Haiti's rural road infrastructure is in poor shape though foreign assistance after the 2010 earthquake has led to improvements on the national two-lane highway in the southwest.

    Source: Reuters


    Gunman, 3 others killed in Arkansas shootings

    © The Jonesboro Sun, Rob Holt/AP Photo
    Police officers and crime scene analysts investigate a crime scene in Jonesboro, Ark., Saturday, May 3, 2014.
    A gunman who shot and killed three people and injured four more in northeast Arkansas was an acquaintance or friend of the victims, police said Sunday, but noted the motive still is unknown.

    Jonesboro Police Sgt. Doug Formon identified the shooter as Porfirio Hernandez, 40, who recently had been released from a mental health treatment facility. Formon did not give further details in an email to The Associated Press.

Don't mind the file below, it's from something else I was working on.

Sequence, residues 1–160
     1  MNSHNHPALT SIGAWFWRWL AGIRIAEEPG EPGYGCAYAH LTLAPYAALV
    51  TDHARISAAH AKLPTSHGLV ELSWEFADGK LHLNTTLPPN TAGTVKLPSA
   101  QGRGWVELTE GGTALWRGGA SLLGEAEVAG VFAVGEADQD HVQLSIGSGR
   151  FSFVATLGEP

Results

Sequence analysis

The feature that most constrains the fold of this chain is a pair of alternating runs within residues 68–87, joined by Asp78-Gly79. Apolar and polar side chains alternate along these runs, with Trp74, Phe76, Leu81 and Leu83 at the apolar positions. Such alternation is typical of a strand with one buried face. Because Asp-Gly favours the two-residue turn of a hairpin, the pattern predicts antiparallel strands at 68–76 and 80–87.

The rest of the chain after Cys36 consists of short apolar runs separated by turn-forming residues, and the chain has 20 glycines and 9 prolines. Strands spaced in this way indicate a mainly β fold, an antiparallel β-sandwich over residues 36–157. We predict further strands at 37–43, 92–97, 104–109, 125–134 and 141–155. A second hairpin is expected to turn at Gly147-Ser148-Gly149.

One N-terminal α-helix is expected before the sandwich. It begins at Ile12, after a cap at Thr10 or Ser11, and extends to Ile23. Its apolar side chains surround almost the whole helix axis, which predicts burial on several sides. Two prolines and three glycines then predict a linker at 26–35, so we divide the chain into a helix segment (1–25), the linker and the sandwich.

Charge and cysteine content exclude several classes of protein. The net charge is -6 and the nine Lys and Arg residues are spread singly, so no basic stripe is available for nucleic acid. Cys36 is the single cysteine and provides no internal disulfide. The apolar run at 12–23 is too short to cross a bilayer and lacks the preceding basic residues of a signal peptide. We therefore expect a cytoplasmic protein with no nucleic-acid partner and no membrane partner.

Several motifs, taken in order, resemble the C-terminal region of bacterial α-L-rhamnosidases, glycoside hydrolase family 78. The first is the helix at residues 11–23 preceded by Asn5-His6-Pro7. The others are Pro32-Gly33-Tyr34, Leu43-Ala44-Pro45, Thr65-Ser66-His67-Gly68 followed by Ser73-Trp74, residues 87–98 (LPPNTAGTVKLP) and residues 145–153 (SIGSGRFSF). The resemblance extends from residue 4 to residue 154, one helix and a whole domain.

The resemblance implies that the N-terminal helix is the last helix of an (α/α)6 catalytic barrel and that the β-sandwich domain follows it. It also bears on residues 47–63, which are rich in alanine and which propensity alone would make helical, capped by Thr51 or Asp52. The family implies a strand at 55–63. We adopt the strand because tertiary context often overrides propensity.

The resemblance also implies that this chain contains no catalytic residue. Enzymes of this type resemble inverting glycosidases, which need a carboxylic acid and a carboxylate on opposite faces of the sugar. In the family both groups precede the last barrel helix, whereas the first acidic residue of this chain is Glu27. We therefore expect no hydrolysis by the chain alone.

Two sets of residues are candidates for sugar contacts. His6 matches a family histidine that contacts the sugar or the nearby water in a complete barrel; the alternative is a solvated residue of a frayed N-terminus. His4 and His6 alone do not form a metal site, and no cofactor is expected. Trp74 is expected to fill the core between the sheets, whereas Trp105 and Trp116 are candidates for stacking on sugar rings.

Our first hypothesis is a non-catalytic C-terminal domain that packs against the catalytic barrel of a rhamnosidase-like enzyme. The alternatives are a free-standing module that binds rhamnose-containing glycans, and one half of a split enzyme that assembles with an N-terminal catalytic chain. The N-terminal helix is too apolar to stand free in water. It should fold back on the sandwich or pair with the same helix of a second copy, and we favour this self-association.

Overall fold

Formon said police responded to a shooting about 1 p.m. Saturday. Chrisanto Islas, 38, and Floza Davila, 12, were killed there and four others were injured. Survivors and witnesses at the house identified Hernandez as the sole gunman and provided a description of him and the vehicle he was driving.

    Police said three people are in critical condition in hospitals in Memphis, Tennessee: Augusten Hernandez, 43; Ayde Davila, 36; and Anquel Islas, 8. A 10-year-old boy, Brayam Davila, is in stable condition.


    Spy plane blamed as air traffic control computers at LAX overload and fail, causing major delays and cancellations